According to a recent survey by the US-based World Public Opinion NGO, most people in Islamic countries reject the methods of radical al-Qaeda terrorists. But they support certain goals such as the one to push US troops out of Muslim countries. 70 percent of respondents think that the United States intend to weaken or divide the Islamic world.
Many Muslims want US troops to pull out of Afghanistan and Iraq
World Public Opinion conducted the survey between July and September last year in Egypt, Pakistan, Indonesia and several other predominantly Muslim countries. The NGO questioned about 1,100 people in each country.
“The core finding was that Muslim publics oppose al-Qaeda’s terrorism, explained Stephen Kull, the director of World Public Opinion.
“They are very critical of every kind of attacks on civilians, of bombings and assassinations. At the same time they approve of many of the goals that al-Qaeda is pursuing.”
60% want US troops out of Islamic countries
In Pakistan for instance, about 60 percent of the respondents said they wanted US forces to be pushed out of Islamic countries, especially the Persian Gulf and Afghanistan. One in five approved of terrorist attacks on US troops to achieve this goal.
Christian Wagner , a South Asia expert at the German Institute for International and Security Affairs explained why this might be the case: “Many people in Pakistan think that the US has become far too involved in their domestic politics.”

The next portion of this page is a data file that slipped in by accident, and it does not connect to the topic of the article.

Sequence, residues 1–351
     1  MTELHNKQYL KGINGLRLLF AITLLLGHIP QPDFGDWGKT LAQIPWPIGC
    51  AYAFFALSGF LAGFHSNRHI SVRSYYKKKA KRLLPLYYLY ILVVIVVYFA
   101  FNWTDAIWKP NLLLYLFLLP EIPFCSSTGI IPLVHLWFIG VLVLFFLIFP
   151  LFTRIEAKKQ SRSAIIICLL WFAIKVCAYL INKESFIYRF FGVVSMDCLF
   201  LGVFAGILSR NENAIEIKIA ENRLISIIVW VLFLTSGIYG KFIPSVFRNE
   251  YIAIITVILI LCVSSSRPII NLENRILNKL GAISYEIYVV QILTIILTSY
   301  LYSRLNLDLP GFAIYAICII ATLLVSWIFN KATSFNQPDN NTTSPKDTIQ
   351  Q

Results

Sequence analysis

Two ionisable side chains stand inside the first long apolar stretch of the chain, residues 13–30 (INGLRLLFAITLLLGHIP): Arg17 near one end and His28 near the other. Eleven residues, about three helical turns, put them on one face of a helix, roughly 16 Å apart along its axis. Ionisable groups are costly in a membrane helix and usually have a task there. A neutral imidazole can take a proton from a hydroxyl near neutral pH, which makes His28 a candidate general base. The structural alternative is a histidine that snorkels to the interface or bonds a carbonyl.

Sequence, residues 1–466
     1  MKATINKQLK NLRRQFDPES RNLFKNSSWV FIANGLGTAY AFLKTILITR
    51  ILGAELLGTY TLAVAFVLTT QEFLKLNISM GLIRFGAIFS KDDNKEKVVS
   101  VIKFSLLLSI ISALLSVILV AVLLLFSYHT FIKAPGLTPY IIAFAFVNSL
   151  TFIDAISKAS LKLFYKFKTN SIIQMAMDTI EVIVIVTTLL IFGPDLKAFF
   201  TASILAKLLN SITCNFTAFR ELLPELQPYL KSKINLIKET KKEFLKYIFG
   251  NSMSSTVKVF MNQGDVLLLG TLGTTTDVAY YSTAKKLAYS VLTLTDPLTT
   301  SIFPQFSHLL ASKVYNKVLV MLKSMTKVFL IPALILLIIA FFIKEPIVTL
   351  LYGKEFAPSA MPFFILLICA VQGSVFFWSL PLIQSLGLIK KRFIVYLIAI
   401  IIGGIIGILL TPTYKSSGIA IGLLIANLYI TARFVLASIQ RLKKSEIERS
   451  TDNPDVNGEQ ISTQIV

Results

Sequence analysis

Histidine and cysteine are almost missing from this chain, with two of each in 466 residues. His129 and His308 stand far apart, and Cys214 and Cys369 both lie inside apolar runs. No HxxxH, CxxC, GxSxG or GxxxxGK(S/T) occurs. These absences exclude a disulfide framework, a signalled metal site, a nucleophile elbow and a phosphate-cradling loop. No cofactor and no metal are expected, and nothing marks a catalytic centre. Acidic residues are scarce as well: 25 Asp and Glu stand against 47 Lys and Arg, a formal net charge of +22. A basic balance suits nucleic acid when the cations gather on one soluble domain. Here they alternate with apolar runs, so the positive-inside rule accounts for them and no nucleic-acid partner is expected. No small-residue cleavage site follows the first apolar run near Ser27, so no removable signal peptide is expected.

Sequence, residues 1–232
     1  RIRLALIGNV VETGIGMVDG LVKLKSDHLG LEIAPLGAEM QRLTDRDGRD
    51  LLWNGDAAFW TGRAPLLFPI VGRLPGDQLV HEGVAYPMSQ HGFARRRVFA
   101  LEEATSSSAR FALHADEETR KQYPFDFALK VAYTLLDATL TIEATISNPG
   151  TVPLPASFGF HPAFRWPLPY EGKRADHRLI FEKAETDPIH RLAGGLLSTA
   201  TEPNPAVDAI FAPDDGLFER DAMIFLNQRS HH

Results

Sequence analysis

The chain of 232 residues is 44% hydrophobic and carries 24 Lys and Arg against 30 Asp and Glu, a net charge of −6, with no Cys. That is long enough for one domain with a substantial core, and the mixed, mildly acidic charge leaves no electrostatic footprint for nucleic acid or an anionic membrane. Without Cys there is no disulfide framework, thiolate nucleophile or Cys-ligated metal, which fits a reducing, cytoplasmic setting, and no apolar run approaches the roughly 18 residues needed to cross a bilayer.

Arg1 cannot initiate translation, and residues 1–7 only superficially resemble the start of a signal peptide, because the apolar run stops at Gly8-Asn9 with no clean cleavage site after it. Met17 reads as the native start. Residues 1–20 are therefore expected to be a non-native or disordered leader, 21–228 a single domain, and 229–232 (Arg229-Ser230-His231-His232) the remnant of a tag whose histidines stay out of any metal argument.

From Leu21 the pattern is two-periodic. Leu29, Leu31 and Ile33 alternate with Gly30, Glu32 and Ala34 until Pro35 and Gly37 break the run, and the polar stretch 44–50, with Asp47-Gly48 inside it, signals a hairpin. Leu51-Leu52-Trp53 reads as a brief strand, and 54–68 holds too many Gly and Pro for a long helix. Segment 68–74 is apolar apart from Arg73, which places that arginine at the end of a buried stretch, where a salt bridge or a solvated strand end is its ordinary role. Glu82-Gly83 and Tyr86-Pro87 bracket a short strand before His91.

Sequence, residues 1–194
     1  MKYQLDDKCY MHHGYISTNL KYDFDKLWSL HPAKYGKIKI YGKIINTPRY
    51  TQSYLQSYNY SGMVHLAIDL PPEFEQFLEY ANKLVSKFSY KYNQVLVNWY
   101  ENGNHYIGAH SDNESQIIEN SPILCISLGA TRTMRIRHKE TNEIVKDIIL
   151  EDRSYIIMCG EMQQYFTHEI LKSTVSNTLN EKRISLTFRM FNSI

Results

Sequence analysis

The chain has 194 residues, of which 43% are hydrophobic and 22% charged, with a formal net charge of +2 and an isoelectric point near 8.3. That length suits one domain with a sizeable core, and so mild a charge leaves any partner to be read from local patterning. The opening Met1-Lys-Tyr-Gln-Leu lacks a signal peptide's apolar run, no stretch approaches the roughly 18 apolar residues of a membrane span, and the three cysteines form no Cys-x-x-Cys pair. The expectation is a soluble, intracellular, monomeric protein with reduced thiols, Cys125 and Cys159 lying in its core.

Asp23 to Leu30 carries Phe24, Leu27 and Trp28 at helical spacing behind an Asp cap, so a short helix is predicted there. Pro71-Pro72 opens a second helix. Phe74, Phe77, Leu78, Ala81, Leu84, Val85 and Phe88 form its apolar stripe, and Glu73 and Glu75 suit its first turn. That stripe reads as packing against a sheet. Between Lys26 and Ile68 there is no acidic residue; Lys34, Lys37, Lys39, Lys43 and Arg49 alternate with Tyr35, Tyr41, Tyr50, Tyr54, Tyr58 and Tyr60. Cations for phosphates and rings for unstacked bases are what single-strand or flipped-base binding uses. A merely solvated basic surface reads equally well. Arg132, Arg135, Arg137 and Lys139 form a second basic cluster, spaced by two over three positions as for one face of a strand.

“They criticise the fact that the US officially says it supports democracy, but in reality has often cooperated with military rulers. They reject these double standards. Others just reject the US engagement in Afghanistan.”
Little change in attitude over two years
World Public Opinion published its first survey of this kind two years ago. Director Stephen Kull says the attitude has not changed much since then: Many people still perceive the US troops as a threat rather than as a stabilising factor.
“That puts the US in a kind of difficult position, because in response to terrorism they have expanded their US military presence in Muslim countries to fight terrorism.”
“But there has been a kind of backlash because this has bred some sympathy for al-Qaeda because it opposes that presence and fights it.”
Substantial support for Sharia
A substantial number of the respondents supported another al-Qaeda goal -- the implementation of Islamic law, or Sharia, in all Muslim countries: five out of ten in Egypt and Indonesia and seven out of ten in Pakistan.
The government of Pakistan’s North West Frontier Province recently promised to implement Sharia in the remote Swat Valley.
But Sharia courts already exist all over Pakistan. “Until now,” however, explains Christian Wagner, “Sharia law has only been applied in certain special spheres of public life, and the civil courts still control it. This support of Sharia demonstrates the conservative attitude of Pakistani society.”
On average, 70 percent of respondents in Pakistan, Egypt and Indonesia think that the US says it is promoting international law in other countries but often does not adhere itself to international law. Only 20 percent of respondents thought that the US was a good model.
However, there was some hope that the new US President Barack Obama would improve relations between the US and the Islamic world and that there would be a change of attitude and perception.